How to Get Better at Anything

Performance = Potential – Interference

In her book Naked at Work: A Leader’s Guide to Fearless Authenticity, Danessa Knaupp tells the story of Tim Gallwey, who authored The Inner Game of Tennis in the 1970s. Gallwey claimed he could teach anyone to play competitive tennis in less than an hour, and managed to prove his point on live television. Within 17 minutes, he had his subject, a nervous, middle-aged, overweight housewife who had never picked up a racket in her life, playing tennis and playing it well.

He did this by implementing his Inner Game method – the formula at the top of this post.

Performance = Potential – Interference

Danessa Knaupp writes that Gallwey, who is a sought-after speaker and trainer today – “suggests that it is our inner process—our self-talk, fears, doubts, lapses in focus, or limiting beliefs—that gets in the way of achieving our goals. His method, outlined in his first and later books, moves attention away from the negative swirl inside our heads and to the task at hand.”

His method is about getting out of your head and into the game, a concept we hear all the time and take for granted now, 50 years later. But Gallwey was the first to theorize it and prove it. “Your performance at any given task—playing tennis, developing strategy, or mobilizing a team—is simply a matter of your potential to perform that task (what you know) minus what’s in your way (your interference).”

Gallwey says of his teaching breakthrough:  “When I replaced the traditional control mechanism of should and shouldn’t with invitations to try heightened awareness and relaxed concentration, the student learned naturally by using what felt good and what worked. This is how we all learned as children to crawl, walk, and run. In the use of simple awareness, three things reliably increased: rate of learning, enjoyment of play, and the student’s confidence that they could learn from experience.”

Potential (what you know and what you can do) is seldom the problem in performance, mostly because what you don’t know or haven’t mastered yet is more visible. It’s how managers rate their workforce in performance reviews. You can learn skills and get advice from other professionals to increase your potential.

But your interference is seldom visible because it takes place inside your head.  Your negative self-talk is part of it. “I can’t believe I said that.” “I’m not ready for this.” “What if they don’t like what I’m proposing?”

But even the best of teachers/mentors/managers can contribute to this inner interference. Knauss writes about Dr. Martin Levy, who is a professor of orthopedic surgery at the Montefiore Medical Center in New York City. He specifically designed his surgeon training program to eliminate interference. Dr. Levy realized that during surgical training sessions, “both praise and criticism drew students’ attention away from the procedure to what their teacher thought of them.”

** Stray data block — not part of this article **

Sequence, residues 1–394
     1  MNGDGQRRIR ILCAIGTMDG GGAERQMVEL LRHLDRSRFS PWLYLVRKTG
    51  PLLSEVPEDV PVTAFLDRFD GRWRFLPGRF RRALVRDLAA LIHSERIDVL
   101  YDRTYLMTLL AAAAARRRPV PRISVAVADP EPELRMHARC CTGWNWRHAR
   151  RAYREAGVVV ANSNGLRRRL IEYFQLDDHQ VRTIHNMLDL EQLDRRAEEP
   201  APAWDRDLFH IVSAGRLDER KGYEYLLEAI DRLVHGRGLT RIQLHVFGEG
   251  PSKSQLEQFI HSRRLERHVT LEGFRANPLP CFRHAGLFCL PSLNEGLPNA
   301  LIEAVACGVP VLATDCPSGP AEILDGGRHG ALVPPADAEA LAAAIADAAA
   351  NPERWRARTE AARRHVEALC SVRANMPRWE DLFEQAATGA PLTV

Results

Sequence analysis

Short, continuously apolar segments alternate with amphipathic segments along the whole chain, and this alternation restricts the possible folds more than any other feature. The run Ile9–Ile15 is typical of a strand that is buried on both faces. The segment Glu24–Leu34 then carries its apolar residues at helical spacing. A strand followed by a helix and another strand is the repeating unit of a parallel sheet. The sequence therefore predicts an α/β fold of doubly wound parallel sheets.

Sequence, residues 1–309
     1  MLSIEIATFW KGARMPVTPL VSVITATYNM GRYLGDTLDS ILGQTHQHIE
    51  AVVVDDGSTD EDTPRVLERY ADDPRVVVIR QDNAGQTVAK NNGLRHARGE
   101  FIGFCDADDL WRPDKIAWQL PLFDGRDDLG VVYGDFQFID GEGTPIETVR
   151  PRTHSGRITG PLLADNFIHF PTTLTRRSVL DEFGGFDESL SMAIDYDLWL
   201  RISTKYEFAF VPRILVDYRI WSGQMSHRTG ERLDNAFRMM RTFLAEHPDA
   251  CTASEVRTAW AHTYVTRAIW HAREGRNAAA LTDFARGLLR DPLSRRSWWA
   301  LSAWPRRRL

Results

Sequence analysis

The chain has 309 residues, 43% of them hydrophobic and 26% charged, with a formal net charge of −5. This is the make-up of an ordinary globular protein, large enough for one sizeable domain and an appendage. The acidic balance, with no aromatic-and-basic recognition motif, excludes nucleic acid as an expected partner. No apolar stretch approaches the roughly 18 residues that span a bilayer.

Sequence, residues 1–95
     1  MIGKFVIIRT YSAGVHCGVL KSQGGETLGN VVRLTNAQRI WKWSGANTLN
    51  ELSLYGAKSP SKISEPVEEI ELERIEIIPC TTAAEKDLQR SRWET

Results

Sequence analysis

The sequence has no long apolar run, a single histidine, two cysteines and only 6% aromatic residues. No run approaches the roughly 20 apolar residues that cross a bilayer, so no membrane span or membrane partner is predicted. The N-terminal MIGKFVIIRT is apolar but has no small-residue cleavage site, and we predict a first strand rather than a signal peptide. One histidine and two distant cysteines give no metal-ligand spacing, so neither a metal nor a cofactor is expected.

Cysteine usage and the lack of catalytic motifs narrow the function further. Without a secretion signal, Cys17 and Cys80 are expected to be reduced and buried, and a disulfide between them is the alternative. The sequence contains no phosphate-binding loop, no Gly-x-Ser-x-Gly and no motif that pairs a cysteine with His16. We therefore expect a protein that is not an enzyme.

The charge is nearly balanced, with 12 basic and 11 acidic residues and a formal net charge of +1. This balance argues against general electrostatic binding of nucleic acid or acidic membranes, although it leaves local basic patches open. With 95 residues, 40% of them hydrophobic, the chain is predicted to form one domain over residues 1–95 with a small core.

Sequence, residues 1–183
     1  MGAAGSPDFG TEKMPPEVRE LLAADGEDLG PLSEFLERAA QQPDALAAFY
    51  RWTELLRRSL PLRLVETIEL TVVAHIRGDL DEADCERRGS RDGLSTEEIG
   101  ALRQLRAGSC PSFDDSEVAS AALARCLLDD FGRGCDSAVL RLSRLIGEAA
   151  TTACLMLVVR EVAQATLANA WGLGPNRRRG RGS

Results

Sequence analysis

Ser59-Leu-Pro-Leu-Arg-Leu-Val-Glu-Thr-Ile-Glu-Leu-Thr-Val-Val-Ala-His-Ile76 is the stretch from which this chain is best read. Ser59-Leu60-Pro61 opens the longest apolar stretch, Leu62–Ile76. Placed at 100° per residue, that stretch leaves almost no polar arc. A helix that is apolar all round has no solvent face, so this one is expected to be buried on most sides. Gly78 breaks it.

Dr. Levy eventually adopted a handheld clicker like the ones used to train dogs for feedback. If the surgical trainee performed something correctly, the trainer would click. No click meant the trainee would try a different method next time. Over time, the surgeons that experienced clicker reinforcement repeated correct behaviors faster and more often than surgeons receiving verbal praise.

It’s a revolutionary idea – that trainers and well-meaning managers might be adding to the distracting self-talk inside workers’ heads.

The key to upping your inner game is identifying your interference. Once you determine what messages are getting in the way of your game, you’re much more likely to be able to improve your performance.

And if part of the interference is a well-meaning coach, mentor, manager, or partner, try one of these scripts.

  • “Your coaching has been so helpful. I’d like to try it on my own now, to see if I can get an intuitive feel for what’s right and what’s not working.”
  • “I’m thinking that your feedback has me more focused on you in a meeting than on the client. Can I try it solo for a couple of meetings to see if staying focused on the client’s feedback helps me perform better?”
  • “Let’s stop counting steps and just try dancing with each other during the next song.”

Skeptical? Here’s a video clip from 1970  with Gallwey’s tennis demonstration.

3 thoughts on “How to Get Better at Anything

  1. Thanks for the video link. Wonder where she found her fine backhand?

    Gallwey’s Relaxed Method of Learning has merit.

    Since no actual match involving the lady took place, I call her a Beginning Tennis player, not a Competitive Tennis player. This is fair to her skills.

    Liked this post. 🙂


  2. Getting better at things requires work. It doesn’t happen too often that you can immediately get better at something with a trick or gimmick. However, I think a lot of people don’t improve simply because they don’t know how. Most things you’ll want to improve will have a mix of habits and skills. Maybe you want to read more books. On the one hand, reading is a habit—you need to read more. But it’s also a skill—vocabulary, fluency and subject familiarity all influence how quickly and deeply you can read.

    Liked by 1 person

  3. […] written about perfectionism and performance anxiety before. Millions of people suffer from fear of failure, which can make them reluctant to try new […]


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